Although public education has been an important force for the common good over many generations of students, there is no guarantee that it will continue to play its historic role in American life.

It remains to be seen if the public good provided by public education is sufficiently resilient to withstand these threats as they are intensified over the next several years.

What would you add to or subtract from my list?

11 Responses to “3 primary threats to public education”


  1. 1 rickrepicky March 22, 2017 at 11:11 am

    Sorry for the length, but I want to address how well US public schools are dealing with the poverty issues.These results are from the 2012 or 2013 PISA; I hope current results show the same or better. I posted this on fb in Jan:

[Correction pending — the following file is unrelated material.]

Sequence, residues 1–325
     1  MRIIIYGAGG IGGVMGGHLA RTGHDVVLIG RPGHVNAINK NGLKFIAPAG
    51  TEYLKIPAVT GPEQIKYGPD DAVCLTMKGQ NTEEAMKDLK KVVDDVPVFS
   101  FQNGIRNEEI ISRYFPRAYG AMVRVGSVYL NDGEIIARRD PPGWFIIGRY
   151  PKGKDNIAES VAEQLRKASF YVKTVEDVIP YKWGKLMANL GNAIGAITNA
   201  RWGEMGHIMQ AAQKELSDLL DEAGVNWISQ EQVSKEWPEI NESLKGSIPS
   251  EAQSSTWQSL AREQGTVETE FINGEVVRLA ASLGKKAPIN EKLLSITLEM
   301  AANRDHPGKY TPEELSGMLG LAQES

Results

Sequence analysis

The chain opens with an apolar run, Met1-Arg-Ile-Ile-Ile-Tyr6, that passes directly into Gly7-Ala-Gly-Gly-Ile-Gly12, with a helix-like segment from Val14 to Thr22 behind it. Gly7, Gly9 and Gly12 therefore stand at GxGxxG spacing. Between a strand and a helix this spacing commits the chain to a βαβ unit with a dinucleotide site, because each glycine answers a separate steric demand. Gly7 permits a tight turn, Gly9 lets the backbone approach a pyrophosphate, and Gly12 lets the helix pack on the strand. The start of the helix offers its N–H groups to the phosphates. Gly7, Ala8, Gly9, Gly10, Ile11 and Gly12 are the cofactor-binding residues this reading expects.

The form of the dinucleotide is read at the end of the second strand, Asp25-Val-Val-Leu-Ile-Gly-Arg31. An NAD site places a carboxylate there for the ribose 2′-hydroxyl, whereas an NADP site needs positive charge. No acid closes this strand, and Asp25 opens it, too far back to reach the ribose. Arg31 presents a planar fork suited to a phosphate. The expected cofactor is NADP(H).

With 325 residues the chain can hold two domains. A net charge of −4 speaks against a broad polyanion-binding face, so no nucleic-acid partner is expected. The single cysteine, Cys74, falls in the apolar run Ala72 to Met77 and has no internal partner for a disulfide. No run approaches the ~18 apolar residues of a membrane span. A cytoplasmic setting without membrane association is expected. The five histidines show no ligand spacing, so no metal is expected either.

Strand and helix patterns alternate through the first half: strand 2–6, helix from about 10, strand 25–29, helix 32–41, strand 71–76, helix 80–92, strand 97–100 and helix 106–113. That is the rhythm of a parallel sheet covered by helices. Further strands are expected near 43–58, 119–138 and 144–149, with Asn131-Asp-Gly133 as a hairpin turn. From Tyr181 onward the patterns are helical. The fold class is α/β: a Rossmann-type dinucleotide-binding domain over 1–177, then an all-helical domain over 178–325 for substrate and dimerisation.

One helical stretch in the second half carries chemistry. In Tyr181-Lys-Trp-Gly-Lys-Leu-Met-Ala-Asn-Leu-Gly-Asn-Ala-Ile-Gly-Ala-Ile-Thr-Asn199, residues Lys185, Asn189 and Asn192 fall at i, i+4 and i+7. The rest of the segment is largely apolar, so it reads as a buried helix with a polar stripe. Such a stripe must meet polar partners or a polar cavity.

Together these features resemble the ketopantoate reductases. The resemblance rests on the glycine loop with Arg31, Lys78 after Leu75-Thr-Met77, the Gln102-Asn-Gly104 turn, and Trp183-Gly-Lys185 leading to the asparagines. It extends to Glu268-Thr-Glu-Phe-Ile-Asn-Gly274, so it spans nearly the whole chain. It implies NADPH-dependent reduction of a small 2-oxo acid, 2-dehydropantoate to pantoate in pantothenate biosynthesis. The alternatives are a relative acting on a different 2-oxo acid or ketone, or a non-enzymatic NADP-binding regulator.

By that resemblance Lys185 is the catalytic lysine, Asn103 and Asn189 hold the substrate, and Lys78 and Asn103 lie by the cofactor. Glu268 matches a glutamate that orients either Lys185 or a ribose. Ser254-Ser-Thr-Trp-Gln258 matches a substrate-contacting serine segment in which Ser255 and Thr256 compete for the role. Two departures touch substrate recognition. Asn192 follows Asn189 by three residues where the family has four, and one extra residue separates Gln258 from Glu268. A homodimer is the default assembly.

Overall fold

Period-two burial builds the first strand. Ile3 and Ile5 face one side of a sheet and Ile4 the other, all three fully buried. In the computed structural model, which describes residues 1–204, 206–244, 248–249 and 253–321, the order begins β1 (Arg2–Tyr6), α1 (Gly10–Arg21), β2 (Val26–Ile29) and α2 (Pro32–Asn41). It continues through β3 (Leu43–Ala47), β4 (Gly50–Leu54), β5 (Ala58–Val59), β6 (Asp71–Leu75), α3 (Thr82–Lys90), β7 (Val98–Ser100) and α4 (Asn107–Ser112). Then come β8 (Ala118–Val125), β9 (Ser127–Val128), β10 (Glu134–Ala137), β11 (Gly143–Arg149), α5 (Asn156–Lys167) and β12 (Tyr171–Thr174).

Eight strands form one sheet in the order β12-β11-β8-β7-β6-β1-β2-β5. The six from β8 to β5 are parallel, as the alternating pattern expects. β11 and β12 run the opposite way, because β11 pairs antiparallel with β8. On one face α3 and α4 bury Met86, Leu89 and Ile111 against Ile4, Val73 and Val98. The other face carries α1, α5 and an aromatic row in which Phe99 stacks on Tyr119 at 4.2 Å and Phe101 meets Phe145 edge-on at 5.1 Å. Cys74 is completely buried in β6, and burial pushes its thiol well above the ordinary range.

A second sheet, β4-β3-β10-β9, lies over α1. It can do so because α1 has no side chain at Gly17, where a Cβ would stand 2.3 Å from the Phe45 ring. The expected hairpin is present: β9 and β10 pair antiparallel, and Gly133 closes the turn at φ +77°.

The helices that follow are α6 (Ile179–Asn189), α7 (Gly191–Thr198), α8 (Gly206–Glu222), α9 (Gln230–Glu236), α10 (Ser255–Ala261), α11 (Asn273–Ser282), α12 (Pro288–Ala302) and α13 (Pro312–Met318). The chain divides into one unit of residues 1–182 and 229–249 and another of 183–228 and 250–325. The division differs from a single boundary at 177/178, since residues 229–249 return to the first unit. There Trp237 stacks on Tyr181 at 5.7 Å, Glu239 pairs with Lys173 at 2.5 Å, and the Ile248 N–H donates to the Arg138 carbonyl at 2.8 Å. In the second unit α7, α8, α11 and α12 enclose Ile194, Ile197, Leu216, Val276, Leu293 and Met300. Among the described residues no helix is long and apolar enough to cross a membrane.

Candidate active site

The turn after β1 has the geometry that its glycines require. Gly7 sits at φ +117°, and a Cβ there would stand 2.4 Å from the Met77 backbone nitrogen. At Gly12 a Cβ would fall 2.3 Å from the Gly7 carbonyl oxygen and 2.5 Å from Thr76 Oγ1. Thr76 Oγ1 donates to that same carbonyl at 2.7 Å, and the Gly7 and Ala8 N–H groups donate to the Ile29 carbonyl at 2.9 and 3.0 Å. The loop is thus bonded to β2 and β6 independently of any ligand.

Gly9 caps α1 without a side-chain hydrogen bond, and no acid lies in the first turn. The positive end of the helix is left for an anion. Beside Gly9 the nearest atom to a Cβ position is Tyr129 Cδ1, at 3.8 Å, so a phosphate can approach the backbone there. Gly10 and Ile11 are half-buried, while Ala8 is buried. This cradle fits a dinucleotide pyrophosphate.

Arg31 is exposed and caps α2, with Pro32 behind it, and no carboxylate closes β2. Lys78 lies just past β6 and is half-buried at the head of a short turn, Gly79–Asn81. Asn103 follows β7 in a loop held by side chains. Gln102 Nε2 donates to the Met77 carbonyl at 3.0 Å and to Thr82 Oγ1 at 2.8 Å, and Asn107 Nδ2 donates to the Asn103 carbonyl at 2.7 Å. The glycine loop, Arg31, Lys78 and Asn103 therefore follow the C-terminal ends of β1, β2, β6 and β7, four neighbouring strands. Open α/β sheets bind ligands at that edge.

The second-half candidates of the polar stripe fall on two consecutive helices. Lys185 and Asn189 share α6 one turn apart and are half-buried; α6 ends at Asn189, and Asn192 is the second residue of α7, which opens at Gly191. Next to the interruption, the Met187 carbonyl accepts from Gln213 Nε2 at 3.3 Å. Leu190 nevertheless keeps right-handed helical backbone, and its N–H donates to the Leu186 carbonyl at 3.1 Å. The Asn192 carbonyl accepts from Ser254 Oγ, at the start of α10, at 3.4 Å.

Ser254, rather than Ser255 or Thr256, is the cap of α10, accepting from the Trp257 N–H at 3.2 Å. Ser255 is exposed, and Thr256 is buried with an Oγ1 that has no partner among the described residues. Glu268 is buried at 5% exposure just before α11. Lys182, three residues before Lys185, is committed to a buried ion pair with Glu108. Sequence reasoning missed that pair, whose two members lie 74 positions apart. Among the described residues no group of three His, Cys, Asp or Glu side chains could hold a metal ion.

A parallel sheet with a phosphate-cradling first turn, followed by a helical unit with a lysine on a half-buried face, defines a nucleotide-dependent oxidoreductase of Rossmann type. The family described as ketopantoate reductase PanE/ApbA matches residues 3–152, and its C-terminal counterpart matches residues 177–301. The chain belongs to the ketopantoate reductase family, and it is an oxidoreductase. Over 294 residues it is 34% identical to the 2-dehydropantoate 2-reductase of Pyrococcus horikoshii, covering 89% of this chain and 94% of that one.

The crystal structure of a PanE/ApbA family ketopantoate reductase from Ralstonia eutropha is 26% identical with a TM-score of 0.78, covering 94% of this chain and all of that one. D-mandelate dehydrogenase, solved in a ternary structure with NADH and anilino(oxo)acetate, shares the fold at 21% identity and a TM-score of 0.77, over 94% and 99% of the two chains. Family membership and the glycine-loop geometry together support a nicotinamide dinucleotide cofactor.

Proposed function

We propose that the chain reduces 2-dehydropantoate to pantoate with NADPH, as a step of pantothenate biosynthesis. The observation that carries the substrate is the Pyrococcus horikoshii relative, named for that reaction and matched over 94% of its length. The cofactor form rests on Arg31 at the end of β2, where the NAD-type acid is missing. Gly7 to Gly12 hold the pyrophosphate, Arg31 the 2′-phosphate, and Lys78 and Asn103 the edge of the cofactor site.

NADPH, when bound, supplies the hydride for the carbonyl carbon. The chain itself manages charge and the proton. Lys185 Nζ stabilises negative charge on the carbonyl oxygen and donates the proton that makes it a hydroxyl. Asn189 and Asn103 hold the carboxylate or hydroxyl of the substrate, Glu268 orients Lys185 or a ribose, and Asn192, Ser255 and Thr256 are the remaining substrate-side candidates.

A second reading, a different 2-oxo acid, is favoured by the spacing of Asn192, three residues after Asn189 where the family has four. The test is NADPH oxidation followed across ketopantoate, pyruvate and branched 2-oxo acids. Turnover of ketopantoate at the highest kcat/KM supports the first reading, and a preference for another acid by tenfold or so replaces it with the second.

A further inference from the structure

Referring to the inaugural address, do public schools leave, “our young and beautiful students deprived of all knowledge”? Not so says Rick DuFour in his 2015 book “In Praise of American Educators.” When comparing the US to Finland (considered a top performer on the international PISA test), US public schools hold their own. Finland’s glowing results come from a population with just a 3% poverty rate. Compare this rate to the US with a 20% child poverty rate that translates to 51% of its public school students qualifying for free & reduced lunch (p. 20). When considering PISA scores for US schools limited to a 25% poverty rate (vs. Finland’s 3%), the US OUTPERFORMS EVERY INDUSTRIALIZED COUNTRY IN THE WORLD (p. 26). Public schools must continue to improve, but this is a direct rebuttal of the inaugural address. American public school educators should be proud.

  2. 3 Linda McFall March 22, 2017 at 1:19 pm